The surge in existing home sales continued, up 25.8 percent in November 2020 versus one-year ago on a seasonally adjusted annualized rate (SAAR) to 6.69 million as reported by the National Association of Realtors® (NAR). Though down 2.5 percent from the October SAAR, much of that is due to the decline in inventory of homes available for sale, with the number of listings down to a record-low 2.3 months of inventory.
On an unadjusted monthly basis, November sales of 492,000 were up 21.8 percent, with total sales in the prior 12-months up 4.8 percent at 5.539 million closings. This was the best November since 2005 when November sales hit 530,000.
The median price at $310,800 was up 14.6 percent on a year-over-year basis and the average price of $343,000 up 11.3 percent. The next two graphs both show the median price, with the first including sales on a SAAR and the second using trailing 12-month totals.
The next three graphs detail monthly sales commencing January 2018. The first contains total sales of single family and condominium-co-op sales summed, the second just single family and the third condominium co-op transactions. Each graph includes year-to-date and year-over-year percentage changes.
Sales by price range reveal that the hot-housing market continued across all but the lowest price range. NAR conducts a monthly sample (not seasonally adjusted) regarding the percentage change in single-family sales and inventory from one year ago, and distribution of sales by price range. The following table shows these metrics on a national basis for November 2020. Inventory declined or essentially remained flat in every price range on a year-over-year basis. Sales rose in all price ranges from $100,000 and up. Shrinking inventory — down 38.5 percent versus a year ago — contributed to the drop in sales in the $100,000 and less segment. The greatest year-over-year increase in sales once again was in the $1 million plus range, almost doubling compared to a year ago (up 88.1 percent), with the $750,000 to $1 million segment up 84.9 percent and home sales from $500,000 to $750,000 up 64.9 percent.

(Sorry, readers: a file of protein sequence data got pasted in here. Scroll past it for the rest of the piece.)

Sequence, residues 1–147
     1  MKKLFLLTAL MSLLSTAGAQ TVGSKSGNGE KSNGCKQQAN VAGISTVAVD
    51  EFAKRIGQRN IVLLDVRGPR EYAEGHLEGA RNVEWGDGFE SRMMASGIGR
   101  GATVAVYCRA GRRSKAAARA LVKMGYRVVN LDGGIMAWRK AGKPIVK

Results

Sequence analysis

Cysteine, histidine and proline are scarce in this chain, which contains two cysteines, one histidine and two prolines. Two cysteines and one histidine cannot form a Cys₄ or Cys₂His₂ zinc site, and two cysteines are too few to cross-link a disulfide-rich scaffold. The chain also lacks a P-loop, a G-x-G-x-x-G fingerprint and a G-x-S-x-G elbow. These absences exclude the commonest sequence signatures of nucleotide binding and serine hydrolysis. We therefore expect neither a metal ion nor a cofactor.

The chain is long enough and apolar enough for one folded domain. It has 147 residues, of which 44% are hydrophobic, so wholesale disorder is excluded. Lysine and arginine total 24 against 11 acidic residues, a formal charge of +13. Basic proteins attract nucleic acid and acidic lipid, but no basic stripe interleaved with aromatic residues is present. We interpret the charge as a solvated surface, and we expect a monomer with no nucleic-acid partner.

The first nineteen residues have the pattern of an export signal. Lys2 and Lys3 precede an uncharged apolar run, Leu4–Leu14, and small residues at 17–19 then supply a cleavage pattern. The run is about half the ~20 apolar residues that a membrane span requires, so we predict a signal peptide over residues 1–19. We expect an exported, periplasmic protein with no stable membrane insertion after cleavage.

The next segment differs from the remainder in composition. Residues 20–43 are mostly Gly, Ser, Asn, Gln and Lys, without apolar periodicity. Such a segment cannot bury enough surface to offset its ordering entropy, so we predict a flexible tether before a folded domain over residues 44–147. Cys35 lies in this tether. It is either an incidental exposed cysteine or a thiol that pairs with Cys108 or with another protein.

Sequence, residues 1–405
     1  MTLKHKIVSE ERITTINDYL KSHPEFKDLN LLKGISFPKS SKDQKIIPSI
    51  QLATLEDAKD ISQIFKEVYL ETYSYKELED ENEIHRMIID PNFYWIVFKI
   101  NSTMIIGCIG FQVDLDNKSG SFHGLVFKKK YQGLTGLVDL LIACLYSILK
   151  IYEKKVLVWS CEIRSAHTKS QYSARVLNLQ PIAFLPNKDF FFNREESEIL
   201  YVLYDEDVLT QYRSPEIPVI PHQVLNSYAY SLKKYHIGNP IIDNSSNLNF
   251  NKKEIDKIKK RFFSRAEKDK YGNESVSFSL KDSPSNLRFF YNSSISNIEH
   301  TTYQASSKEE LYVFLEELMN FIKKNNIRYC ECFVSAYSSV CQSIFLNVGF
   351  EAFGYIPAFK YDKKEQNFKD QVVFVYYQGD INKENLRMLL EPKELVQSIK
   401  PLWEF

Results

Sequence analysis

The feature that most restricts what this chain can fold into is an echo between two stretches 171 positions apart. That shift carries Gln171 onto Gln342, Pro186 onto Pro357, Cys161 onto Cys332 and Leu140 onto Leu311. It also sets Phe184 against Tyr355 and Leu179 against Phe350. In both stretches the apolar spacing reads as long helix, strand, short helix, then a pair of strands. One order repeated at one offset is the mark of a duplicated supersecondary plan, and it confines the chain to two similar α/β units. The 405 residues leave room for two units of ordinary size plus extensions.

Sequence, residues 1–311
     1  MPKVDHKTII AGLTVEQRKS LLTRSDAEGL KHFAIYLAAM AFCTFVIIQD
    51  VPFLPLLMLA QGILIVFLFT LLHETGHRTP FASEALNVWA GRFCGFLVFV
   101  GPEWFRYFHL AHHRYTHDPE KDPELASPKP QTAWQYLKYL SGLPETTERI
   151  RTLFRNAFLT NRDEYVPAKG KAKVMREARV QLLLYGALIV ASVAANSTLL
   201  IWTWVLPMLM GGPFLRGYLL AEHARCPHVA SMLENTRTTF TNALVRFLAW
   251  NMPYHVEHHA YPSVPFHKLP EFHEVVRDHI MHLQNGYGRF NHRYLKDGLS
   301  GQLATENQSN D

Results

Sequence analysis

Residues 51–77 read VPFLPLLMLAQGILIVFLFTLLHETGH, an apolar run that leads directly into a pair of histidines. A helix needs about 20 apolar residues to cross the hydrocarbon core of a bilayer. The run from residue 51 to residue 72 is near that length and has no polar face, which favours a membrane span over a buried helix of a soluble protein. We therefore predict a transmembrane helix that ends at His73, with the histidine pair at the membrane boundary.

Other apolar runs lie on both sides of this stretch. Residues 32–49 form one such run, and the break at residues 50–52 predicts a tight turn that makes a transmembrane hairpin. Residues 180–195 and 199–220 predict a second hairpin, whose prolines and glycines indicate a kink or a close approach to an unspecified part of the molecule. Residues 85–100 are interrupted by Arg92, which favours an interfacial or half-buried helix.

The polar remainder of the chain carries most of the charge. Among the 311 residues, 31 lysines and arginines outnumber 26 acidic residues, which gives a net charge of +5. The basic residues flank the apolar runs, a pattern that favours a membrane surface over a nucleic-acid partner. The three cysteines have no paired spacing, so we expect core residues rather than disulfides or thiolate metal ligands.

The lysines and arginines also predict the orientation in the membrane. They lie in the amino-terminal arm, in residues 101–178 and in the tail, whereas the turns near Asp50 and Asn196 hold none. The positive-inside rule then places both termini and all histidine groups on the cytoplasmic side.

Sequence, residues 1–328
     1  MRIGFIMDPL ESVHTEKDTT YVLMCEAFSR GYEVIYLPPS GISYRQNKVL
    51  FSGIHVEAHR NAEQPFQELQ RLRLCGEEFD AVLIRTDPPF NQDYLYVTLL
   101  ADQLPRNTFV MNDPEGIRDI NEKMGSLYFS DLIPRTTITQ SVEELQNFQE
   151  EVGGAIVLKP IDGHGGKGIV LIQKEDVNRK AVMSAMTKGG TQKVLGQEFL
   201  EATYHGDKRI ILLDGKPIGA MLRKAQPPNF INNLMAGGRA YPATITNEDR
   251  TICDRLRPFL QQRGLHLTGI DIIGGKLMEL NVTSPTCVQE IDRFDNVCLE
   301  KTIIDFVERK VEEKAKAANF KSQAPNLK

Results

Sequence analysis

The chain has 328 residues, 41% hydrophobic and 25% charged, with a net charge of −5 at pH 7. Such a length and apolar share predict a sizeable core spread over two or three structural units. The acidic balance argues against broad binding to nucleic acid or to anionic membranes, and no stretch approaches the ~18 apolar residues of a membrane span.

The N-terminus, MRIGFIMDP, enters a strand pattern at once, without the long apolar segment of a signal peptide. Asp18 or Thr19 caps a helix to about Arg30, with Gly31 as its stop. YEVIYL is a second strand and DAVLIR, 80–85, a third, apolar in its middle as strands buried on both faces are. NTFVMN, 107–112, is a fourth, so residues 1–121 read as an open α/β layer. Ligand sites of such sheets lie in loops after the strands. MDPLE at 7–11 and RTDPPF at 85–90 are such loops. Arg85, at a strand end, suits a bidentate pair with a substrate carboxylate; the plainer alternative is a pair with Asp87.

Other details in NAR’s press release included:
- One-in-five closings (20 percent) were all-cash transactions with no mortgage utilized to acquire the property — identical to a year ago
- Inventory of homes available for sale dropped 9.9 percent from October to 1.28 million dwellings and was down 22 percent versus a year ago
- 6-months of inventory is considered normal, with the record-low 2.3 months inventory defining housing as a Seller’s Market given strong demand and minimal listings
- Median home prices have risen 105 consecutive months on a year-over-year basis
- 1st-Time buyers bought 32 percent of all November existing home sales, unchanged from one-year ago
- Not even 1 percent of November closings were distressed sales – foreclosures & short sales — less than one-half the 2 percent rate a year ago
- The typical house was listed for sale just 21 days prior to receiving a written offer in November, down from 38 days in November 2019
- Investors acquired one-in-seven homes sold in November (14 percent) down slightly from 16 percent a year ago
To read the entire NAR press release and access housing sales data use the following links:
While the pandemic has given housing the greatest intrinsic value in our lifetimes due on the amount of time we have spent at home, record-low interest rates helped fuel this demand. The surge in home sales indicates that people in the homebuying segment have not been hit as hard with unemployment. Just 2.8 million homes with mortgages were in a forbearance program with their lender, making up 5.3 percent of the 53 million properties with mortgage loans according to Black Knight. This is less than the 6.7 percent unemployment rate reported by the U.S. Bureau of Labor Statistics for November 2020.